If we have laws on the books that forbid the use of such a service, these laws need to be revised immediately.

  • MJ

    Oh, man, epic fail. Boston cabbies are the WORST. I have to give them directions–if they can speak English. Just for olfactory reasons alone, I’d like to use UBER.

  • John J

    Flabbergasted. I love the service. I love getting in clean cars that are not cramped, not fumbling with change or small receipts that are barely legible, not getting irritated responses from cabbies about credit cards. This could only be a problem in the event that you are a cab driver. My company loves the GPS receipts – expense reports are easier than ever.

    Massachusetts, you are small minded and antiquated. What you should be doing is helping cab companies get the same technology so they can compete on price (they can’t compete on quality).

  • Mark M.

    I have used Uber in Boston, Providence and NYC. It is available in many cities across the country. Leave it to our state to smack down innovation and entrepreneurship. Aside from the convenience and cleanliness of this service for the consumer, Uber was providing jobs for some really nice people. Our state is “Uber-broken”.

  • Eric

    This ruling has nothing to do with how accurate GPS is, how long it’s been used, or even that GPS is being used by Uber to locate customers. The citation issued by Cambridge police, which is what Uber chose to challenge in court, was that Uber was “using a measuring device not conforming to standards”. Uber is a taxi service, regardless of how they market themselves. Taxi services have certain rules they must abide by in order to provide service. Uber, as a taxi service, was NOT using a standardized measurement to determine cost. There is currently no standard defined to use GPS for the purposes of determining cab fair. This is what the D of S is saying. They are not attacking Uber’s use of GPS. They are simply upholding the law that Cambridge police cited Uber on because GPS currently cannot be used by taxi operators to determine cost. All Uber needs to do to comply with the law is use a taximeter.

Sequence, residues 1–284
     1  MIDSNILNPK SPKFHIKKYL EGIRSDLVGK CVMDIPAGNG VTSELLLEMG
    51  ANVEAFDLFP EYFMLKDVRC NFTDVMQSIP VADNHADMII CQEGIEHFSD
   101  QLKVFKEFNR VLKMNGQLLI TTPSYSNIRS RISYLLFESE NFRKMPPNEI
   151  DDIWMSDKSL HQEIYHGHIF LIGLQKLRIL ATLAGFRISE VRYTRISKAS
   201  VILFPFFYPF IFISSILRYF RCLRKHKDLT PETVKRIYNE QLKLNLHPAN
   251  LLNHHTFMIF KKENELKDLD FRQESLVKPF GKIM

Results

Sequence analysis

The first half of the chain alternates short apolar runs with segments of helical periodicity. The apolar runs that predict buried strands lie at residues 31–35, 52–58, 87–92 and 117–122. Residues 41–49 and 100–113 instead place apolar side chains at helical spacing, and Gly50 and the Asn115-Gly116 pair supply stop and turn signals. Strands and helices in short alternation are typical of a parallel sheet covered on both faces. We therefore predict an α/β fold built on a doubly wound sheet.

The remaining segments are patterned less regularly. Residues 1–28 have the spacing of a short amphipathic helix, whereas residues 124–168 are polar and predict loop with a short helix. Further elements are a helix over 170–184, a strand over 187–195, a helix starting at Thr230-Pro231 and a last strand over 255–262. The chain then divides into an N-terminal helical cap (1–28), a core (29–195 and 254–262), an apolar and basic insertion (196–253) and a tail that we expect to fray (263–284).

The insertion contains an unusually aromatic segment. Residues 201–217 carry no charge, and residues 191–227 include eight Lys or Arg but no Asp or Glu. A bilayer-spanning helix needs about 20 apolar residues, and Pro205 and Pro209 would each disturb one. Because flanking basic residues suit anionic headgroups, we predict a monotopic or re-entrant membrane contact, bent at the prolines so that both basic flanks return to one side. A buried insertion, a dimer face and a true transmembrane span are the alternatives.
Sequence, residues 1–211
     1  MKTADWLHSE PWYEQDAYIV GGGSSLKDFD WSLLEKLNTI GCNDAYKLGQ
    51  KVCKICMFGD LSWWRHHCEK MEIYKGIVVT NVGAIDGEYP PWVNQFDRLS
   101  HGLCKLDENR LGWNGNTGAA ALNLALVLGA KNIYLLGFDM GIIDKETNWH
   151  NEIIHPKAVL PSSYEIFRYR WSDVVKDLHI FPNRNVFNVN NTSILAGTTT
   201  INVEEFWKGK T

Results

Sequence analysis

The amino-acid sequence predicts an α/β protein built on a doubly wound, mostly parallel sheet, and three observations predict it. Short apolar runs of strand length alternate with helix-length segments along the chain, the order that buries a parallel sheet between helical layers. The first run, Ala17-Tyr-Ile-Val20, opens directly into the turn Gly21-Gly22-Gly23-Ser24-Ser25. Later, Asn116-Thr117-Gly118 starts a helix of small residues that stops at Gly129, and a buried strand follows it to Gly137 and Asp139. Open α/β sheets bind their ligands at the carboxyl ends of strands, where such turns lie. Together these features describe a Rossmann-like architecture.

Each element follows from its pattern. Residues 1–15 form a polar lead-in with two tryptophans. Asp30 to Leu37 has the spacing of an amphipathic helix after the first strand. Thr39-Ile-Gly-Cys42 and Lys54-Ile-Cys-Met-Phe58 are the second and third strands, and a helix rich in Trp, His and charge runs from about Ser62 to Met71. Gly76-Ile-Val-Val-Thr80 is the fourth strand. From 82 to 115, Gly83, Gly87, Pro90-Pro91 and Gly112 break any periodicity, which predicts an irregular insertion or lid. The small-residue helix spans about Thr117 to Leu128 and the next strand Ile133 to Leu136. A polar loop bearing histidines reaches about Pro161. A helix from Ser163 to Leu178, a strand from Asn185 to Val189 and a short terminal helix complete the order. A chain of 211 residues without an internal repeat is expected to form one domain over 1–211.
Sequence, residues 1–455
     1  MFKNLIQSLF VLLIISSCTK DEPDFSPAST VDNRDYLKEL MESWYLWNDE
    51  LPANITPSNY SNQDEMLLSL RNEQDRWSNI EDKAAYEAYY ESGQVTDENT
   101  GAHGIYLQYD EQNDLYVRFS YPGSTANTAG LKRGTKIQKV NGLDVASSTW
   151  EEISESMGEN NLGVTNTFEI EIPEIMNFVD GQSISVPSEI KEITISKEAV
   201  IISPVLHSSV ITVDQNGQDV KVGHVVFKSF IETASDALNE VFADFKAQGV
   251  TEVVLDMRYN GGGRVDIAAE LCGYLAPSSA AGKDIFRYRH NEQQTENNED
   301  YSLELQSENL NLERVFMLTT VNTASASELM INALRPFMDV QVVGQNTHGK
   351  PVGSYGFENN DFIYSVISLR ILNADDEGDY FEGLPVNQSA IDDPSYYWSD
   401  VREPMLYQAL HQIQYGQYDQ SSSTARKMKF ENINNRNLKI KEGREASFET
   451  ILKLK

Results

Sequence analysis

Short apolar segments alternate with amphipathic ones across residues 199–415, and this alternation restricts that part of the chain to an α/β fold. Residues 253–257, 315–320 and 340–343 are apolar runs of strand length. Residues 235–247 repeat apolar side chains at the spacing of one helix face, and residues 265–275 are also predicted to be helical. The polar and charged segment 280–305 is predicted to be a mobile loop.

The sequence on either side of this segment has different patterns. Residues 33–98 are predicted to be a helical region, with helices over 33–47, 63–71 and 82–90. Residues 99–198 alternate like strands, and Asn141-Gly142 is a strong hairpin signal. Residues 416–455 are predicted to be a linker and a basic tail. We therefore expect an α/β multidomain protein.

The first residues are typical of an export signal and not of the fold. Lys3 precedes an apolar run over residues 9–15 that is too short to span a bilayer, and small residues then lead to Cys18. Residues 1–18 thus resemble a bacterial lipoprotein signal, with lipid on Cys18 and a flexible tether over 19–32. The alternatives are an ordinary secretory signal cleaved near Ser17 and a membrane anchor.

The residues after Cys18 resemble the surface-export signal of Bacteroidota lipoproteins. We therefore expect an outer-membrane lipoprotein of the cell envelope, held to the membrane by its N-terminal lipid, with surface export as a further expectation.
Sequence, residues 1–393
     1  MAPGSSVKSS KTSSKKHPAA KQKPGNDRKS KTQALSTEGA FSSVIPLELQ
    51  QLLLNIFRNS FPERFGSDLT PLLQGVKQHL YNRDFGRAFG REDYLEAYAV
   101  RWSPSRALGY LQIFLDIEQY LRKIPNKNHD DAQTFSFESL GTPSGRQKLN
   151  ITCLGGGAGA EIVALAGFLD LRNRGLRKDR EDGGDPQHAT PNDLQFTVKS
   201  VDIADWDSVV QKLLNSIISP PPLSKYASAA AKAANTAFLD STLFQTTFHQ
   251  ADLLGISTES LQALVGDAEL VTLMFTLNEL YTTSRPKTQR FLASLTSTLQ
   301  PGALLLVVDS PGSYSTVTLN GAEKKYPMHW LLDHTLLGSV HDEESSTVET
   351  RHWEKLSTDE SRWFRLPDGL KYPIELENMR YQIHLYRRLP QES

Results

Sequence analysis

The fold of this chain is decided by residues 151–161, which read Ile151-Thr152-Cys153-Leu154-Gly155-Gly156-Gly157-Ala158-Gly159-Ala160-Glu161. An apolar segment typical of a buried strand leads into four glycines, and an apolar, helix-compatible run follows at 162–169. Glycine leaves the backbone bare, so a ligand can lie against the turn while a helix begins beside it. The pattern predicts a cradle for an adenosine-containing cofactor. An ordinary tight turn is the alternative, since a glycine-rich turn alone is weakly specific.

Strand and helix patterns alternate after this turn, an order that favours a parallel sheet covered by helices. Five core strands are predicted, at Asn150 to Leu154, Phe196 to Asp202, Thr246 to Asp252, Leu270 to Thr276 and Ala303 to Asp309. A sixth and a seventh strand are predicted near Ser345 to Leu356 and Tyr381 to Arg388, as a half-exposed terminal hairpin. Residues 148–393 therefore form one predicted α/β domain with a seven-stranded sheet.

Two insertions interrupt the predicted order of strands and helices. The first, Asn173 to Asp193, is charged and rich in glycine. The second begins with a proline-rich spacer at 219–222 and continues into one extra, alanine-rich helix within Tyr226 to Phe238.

• D2Boston

    I have used Uber several times in and around Boston. This is a superlative service that utilizes technology the way technology was intended to be used… for the benefit of consumers.
    This move is nothing more than a play by the taxi companies and the hackney licensing body through this “Division of Standards” to stifle competition. People wonder why businesses leave this state… it’s because of BS like this… members of the old boy networks looking out for one another. If cabs can’t compete, then too bad.
    Who’s head needs to roll on this one? Where does a citizen direct his/her complaints, because we’re about to unload a whole world of hurt on these idiots. Uber must stay.

  • KK

    Shut down the Pedal cabs that operate for free! What unit of measure are they using to calculate free ? Show me the tax returns of the drivers declaring tips. Uber didn’t grease the correct rusty, old ,